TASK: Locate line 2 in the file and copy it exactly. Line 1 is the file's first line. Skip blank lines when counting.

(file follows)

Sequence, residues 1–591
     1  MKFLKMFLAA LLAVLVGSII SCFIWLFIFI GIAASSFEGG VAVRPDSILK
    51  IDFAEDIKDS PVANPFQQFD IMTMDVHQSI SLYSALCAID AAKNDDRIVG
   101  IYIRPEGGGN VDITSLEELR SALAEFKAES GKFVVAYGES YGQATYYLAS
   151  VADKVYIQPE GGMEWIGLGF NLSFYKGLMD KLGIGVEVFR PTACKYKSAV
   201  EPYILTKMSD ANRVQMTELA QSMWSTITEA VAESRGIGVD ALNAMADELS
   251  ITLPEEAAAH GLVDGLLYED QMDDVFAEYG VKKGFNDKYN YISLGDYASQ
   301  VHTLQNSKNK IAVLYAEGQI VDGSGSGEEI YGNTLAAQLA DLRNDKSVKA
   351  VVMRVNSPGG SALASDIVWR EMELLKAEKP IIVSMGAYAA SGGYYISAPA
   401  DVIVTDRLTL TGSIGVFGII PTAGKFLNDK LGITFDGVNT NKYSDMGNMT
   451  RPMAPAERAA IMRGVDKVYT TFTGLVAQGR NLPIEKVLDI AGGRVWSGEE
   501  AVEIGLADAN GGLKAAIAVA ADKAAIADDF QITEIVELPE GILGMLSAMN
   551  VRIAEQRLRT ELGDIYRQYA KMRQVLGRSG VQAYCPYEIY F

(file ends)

     1  MKFLKMFLAA LLAVLVGSII SCFIWLFIFI GIAASSFEGG VAVRPDSILK